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Call for answers over Te Mato Vai project

Friday March 16, 2018 Written by Published in Environment
The long-running Te Mato Vai project has attracted criticism from the Opposition spokesman for finance and the economy, James Beer. This photograph was taken in 2016, when the project was said to have made significant progress. 16020102 The long-running Te Mato Vai project has attracted criticism from the Opposition spokesman for finance and the economy, James Beer. This photograph was taken in 2016, when the project was said to have made significant progress. 16020102

The Cook Islands government appears to have reached the bottom of the funding barrel for the long-running Te Mato Vai water mains project, says the Opposition spokesman for finance and the economy, James Beer

 

In a letter to CINews he called on the Cook Islands government to verify whether it had approached the New Zealand government for further assistance to complete the project, and whether the country had in fact run out of aid money for it.

“If the answer to a question raised by New Zealand media at a press conference with PM Henry Puna and New Zealand PM Jacinda Ardern at the Office of the Prime Minister on Wednesday last week was any indication, the answer was ‘yes’,” Beer said.

“The question, asked by a Newsroom reporter, went something like this: “A question to both prime ministers (and) the New Zealand foreign affairs minister, Winston Peters. Peters says Te Mato Vai project -  the big water project here, has got some big problems and that New Zealand is looking at a huge aid bill that should never have happened. Can you give us a list of these problems’?

“Here is what we know so far”, said Beer. “China lent $23 million to the Cook Islands for stage 1. New Zealand has provided $15 million dollars towards stage 2 and other works, and some of that aid money has already been spent.

“We also know substantial questions were raised by petitioners about the proposed works, about costs, about conflicts of interest, about water treatment, about ongoing maintenance costs, about water rates and quality control and there were questions raised by John Batty, the former supervising engineer from Kew Consultants, in connection with the standards applied to the (pipe) joints amongst other things.

“PM Puna attempted to answer the question by saying the Cook Islands and New Zealand were working at these concerns, but had not yet engaged the other government because the ‘other’ government did not presently have diplomatic representation in Wellington.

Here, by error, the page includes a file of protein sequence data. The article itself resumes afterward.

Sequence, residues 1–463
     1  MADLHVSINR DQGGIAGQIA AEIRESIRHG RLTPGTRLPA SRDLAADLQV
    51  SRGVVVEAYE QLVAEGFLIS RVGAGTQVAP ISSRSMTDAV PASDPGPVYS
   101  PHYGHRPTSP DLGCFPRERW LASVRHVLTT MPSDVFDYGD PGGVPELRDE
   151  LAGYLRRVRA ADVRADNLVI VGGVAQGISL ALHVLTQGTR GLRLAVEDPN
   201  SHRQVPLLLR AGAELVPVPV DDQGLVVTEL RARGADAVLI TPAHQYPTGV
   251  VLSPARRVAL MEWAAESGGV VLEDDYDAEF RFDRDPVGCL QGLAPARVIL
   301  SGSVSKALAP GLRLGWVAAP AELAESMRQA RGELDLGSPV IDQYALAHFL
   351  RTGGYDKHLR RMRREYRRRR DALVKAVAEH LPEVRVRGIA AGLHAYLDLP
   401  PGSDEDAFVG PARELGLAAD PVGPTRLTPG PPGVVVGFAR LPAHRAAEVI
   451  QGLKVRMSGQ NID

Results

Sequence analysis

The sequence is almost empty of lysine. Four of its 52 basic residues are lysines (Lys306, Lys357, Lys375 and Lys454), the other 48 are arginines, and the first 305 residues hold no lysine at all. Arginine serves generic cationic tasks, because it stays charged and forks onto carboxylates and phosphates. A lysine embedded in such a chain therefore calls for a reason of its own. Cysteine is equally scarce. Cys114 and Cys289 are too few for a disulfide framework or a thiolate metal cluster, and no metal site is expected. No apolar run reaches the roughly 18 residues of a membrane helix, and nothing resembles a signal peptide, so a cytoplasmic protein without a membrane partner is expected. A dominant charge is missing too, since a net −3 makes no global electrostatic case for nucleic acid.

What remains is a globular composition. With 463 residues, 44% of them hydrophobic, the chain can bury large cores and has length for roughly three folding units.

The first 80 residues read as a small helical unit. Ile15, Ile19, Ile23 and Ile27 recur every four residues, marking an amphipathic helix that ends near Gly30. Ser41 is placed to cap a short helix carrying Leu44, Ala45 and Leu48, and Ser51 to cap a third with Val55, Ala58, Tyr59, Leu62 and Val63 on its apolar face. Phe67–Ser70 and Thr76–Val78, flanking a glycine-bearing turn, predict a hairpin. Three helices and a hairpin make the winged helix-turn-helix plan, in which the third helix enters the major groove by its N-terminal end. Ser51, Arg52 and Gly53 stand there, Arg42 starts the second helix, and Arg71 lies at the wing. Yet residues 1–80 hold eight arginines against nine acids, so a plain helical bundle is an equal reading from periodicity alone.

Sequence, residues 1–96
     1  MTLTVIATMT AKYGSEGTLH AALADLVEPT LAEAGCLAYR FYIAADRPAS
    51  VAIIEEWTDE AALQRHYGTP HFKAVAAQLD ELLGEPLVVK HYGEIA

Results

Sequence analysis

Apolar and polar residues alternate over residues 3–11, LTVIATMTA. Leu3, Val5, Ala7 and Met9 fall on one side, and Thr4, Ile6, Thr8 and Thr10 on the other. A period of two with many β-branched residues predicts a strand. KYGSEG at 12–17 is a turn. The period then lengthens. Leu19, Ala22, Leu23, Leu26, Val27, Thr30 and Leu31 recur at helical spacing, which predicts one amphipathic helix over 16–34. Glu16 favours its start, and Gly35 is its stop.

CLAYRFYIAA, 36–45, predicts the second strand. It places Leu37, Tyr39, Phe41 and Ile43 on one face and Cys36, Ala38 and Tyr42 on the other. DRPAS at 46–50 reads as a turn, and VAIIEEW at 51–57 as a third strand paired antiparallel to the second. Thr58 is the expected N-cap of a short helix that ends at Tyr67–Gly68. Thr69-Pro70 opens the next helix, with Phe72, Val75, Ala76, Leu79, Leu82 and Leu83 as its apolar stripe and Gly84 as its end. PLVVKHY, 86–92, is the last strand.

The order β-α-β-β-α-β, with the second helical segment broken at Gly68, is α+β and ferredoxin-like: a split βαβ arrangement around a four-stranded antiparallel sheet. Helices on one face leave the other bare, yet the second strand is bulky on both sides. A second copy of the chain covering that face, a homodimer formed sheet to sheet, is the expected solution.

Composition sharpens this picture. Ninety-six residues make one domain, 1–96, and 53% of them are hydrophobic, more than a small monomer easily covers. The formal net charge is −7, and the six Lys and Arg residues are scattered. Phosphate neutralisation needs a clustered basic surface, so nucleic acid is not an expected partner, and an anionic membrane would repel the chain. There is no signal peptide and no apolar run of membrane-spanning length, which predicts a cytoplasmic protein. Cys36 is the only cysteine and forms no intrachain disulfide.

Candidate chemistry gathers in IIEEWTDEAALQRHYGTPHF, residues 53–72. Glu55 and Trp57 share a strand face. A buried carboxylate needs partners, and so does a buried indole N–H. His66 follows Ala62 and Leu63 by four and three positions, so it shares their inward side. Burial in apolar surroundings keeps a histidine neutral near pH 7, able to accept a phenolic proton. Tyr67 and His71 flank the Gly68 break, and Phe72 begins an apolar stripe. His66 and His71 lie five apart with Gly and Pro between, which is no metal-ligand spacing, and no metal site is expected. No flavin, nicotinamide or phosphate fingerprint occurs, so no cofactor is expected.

“As the Chinese are the ‘other government’ in this 2012 tripartite agreement, can one then deduce that the big problems mentioned above must relate to Stage 1, Chinese component of Te Mato Vai?

So what are the big problems to which New Zealand’s foreign affairs minister refers? 

“And why was PM Puna answering these questions and not the deputy prime minister (Teariki Heather), who was responsible for much of the first stage (of the project)?

“And if New Zealand is looking at a huge aid bill - in addition to what has already been pledged, and the project was costed at $60 million, what are the problems and how big are they?”

Beer said Cook Islanders had expressed wide concerns about the project and had even petitioned parliament about it.

People were now wondering why a government faced with such concern and scrutiny over Te Mato Vai had not made doubly sure they did everything within budget, within time and to the standards demanded by such major works - and had failed to ensure someone would be made responsible to get the best out of the project for Cook Islands taxpayers and New Zealand donors.

“So far the project, which was predicted to be completed in three years but no later than five years, has exceeded its time.

“There would have to be a miracle for the works to be completed before the end of 2018; not just because of quality control concerns, but because as the Opposition stated clearly in parliament in 2014, consultation with landowners needed to start in earnest and that some of the money should be set aside to compensate landowners.

“To leave them out of the discussions would be a grave error. The government failed to listen, but listen they did when the Manihiki landowners demanded money to go shopping on Rarotonga as compensation for their land used for the Manihiki solar farm.

“That issue still persists. If the money that was provided by the Chinese loan for stage 1 and by the New Zealand government and the Crown for stage 2 is insufficient to complete the works and requires the further assistance of the New Zealand taxpayer, then the prime minister should inform the public of the exact cause of the response from New Zealand’s minister for foreign affairs.

“Let’s hear these concerns, because saying “the other government does not have diplomatic representation in Wellington”, is a poor excuse for not coming clean.

“And that begs the question of the original $60 million: what is the balance of the aid money from New Zealand and where has the money gone?”  

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